“What about over there?” she said, pointing to a nearby field where the small stream cut through flat land before spilling over a rock wall. “It seems to me if the wall down there was plugged, this entire field would fill with water, and the town would get a nice lake with some fine fish, and you’d get a watering hole next door.”
The shepherd shook his head. “That’s a good idea. Who are you? Do you have family here?”
“Not yet,” she said with a laugh, “but I think I may be visiting godchildren here in the future. Is the task too great?”
“No,” he said. “Maybe if we make our own lake, we’ll have fish. I may go fishing since I won’t be leaving the valley every time my flock needs water.”
“Yes. You might even find time for other things,” she said with a twinkle in her eye.
* * *
Back in the city, Bast, overloaded with a bolt of woven wool, knocked on the door of a large merchant’s house. The servant fetched the mistress of the house who was having lunch with several other wives.
“There has been some mistake,” the merchant’s wife told the peddler. “I didn’t ask for any samples–”
“I’m sorry,” said the old woman, holding up a bolt of exquisitely woven green wool. “Isn’t this the mayor’s house?”
Several of the other women looked over their hostess’s shoulder. The merchant’s wife asked, “The mayor’s wife is buying this cloth?”
“Oh, yes,” said the old woman, “it is the best in the land.”
“Such wonderful weaving,” said one of the women, examining the luxurious fabric the old woman held. “Where did you get it?”
“It’s from a small village over the pass. The weavers there sell their work at very reasonable prices.” The peddler looked around worriedly. “But don’t tell anyone. The mayor’s wife is keeping it a secret.”
The merchant’s wife exchanged glances with her friends. “This wouldn’t be the village where they have the black sheep and the large fish, is it? My husband and some friends are going there for some wool this very afternoon.”
“The very same,” said the peddler. “It’s a beautiful little village.”
The merchant’s wife smiled at her friends. “Thank you, old woman. The mayor’s house is at the end of the street. If you’ll excuse us, I must find my husband and tell him we will be joining him on his trek this afternoon. I hope they have a nice little inn there.”
“Oh yes,” said Bast with a smile. “Quite spacious, I’ve heard.”
* * *
The goddess had one more stop before her daily walk was finished. As she walked down the dusty road near the submerged field, she was pleased to see hungry fish leaping into the air.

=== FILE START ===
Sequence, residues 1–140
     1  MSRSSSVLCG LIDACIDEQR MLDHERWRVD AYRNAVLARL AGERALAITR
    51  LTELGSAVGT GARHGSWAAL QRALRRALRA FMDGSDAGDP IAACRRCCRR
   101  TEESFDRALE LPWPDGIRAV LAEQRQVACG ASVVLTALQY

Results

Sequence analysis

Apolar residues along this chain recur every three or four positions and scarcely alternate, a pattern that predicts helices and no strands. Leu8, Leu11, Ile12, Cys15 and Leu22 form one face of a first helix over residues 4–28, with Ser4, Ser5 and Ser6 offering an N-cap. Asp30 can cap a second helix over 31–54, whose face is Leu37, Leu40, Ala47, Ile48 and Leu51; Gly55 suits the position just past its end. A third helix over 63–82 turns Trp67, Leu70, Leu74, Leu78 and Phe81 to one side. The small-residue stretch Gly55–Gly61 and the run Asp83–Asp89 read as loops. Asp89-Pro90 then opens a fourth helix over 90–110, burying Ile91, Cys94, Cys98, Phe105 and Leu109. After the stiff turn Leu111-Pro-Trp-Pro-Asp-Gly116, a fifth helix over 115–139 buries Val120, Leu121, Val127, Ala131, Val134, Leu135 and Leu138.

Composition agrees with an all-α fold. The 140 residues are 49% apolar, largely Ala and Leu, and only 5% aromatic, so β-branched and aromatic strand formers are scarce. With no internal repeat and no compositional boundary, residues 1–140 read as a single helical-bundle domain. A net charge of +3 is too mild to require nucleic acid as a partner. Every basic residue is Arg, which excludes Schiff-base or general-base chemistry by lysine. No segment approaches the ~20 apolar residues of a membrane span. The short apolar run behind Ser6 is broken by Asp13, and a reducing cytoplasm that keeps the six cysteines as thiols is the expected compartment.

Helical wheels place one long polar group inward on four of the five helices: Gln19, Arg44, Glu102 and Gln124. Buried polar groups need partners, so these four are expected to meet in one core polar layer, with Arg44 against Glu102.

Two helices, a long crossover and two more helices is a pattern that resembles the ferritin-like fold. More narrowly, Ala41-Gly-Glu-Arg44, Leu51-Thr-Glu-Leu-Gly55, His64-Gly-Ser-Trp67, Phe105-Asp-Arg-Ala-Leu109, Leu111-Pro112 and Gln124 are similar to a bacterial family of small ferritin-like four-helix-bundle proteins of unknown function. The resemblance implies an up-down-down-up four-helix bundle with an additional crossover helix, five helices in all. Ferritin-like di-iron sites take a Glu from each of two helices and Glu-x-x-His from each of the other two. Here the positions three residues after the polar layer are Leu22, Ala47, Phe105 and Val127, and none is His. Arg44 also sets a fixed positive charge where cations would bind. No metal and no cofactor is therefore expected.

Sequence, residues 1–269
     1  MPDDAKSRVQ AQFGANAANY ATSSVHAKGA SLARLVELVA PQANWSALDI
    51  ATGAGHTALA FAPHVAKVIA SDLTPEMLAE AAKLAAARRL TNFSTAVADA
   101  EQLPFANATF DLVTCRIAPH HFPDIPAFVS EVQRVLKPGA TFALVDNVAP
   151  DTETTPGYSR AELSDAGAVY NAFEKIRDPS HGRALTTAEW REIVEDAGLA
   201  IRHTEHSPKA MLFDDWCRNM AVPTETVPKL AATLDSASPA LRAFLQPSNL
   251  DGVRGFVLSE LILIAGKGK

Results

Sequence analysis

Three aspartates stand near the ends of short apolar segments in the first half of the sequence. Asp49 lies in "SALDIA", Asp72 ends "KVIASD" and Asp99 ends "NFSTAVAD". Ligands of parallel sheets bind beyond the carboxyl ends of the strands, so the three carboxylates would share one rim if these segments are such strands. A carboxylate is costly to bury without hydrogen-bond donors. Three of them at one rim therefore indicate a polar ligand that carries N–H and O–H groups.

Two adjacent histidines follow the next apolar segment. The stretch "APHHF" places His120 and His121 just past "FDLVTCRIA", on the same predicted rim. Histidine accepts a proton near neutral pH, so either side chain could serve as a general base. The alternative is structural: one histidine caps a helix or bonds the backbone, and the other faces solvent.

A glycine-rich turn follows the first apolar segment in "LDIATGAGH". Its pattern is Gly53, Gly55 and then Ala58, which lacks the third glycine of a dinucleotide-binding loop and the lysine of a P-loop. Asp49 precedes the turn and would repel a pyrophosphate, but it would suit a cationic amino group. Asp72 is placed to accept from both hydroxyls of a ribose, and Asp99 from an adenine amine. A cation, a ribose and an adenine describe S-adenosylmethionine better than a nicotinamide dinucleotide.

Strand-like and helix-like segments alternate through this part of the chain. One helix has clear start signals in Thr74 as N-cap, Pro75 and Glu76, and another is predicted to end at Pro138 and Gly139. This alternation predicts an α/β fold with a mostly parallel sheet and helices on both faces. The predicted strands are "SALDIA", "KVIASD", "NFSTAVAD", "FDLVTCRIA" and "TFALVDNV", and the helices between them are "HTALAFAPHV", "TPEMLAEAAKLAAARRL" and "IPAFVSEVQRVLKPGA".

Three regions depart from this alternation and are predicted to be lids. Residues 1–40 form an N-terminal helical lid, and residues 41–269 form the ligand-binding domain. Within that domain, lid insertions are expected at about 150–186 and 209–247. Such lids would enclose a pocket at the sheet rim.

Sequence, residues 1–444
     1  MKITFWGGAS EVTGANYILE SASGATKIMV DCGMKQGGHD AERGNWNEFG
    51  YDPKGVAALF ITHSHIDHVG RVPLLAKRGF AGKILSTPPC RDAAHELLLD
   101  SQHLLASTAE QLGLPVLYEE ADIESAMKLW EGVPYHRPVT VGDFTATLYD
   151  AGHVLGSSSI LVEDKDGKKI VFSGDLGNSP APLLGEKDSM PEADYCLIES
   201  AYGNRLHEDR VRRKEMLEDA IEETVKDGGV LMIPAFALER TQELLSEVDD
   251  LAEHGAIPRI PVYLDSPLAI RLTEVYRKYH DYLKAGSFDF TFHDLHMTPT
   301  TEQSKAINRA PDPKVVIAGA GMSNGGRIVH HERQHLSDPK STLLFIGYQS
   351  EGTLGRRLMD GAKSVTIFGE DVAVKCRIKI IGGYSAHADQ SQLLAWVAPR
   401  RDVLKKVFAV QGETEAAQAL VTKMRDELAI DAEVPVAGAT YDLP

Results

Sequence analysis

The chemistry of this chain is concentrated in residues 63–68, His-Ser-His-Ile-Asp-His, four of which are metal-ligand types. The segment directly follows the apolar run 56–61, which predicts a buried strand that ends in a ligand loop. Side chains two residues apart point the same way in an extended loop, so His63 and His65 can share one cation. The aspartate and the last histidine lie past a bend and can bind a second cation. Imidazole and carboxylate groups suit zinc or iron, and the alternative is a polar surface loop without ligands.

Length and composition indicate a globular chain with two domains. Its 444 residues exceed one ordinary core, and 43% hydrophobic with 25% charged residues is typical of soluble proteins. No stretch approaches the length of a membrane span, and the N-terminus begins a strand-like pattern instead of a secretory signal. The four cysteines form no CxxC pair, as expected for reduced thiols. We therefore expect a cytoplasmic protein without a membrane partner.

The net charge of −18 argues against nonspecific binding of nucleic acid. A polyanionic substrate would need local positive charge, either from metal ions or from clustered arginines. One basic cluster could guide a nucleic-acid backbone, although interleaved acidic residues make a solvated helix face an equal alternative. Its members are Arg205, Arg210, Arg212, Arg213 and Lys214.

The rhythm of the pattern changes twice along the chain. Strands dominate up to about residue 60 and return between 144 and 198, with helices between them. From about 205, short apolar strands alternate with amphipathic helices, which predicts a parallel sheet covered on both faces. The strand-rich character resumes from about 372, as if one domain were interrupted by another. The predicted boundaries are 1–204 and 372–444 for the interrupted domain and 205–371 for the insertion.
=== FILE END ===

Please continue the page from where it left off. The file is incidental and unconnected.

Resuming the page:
The goddess looked over a rock wall at a stout woman digging aggressively at some weeds. “What a beautiful garden!” Bast exclaimed.
The gardener looked up and pushed the gray hair back out of her eyes. “Thank you. It gives me something to do while my son is working. That rattling loom gets loud sometimes.”
“I have often thought that when my friend Mauv is working,” said Bast. She looked up at the large cottage. “Is this house yours?”
“Yes,” said the larger woman as she stood and stretched her back. “My son and I live here. Of course, we don’t use most of it. I keep a few rooms for peddlers and travelers.”
“My sister had a big house like that,” said Bast, “but it didn’t survive.”
“Survive? What happened to it?”
“Well, you see, she kept it all closed up, too, and the mold and rats destroyed it.”
“Really?” asked the worried gardener. “What should I do?”
“You must open all the windows and doors and let fresh air in,’ the stranger advised. “Put fresh hay in all the mattresses and sweep out all the cobwebs. Pretend you’re an innkeeper and there are lots of people coming to stay in your fine country establishment.”
“Fine country establishment, indeed,” said the gardener as she smiled and dusted off her hands. “Still, I suppose it wouldn’t hurt anything to air it out a bit. Did you say you were visiting the shepherd’s wife?”
“Not today,” Bast replied. “I saw her husband coming back from the lake a short time ago. I think she’s busy.”
“That man is never home in the afternoon! What could he be doing? And did you say a lake? We don’t have a…” Her words drifted into the empty air on the other side of the stone fence.
The goddess hurried to be home by sunset. The last time she’d left the sun out all night, both the gods and the mortals had been very upset, but that’s another story. And it has nothing to do with a famous little village known to this very day for its hospitality, high quality woven goods, excellent fishing, and the finest shepherds and shepherdesses in the land.
* * *
Tom Howard is a science fiction and fantasy short story writer who lives in Little Rock, Arkansas. He thanks his four children for his inspiration and the Central Arkansas Speculative Fiction Writers' Group for their support.
Where do you get the ideas for your stories? Various places. My children give me lots of story ideas. This story idea came from the traditional "gods walking among men" trope which I've always wanted to play with.
What do you think is the most important aspect of a fantasy story? To create a believable world, even if it is made up.
What do you think is the attraction of the fantasy genre? Infinite possibilities.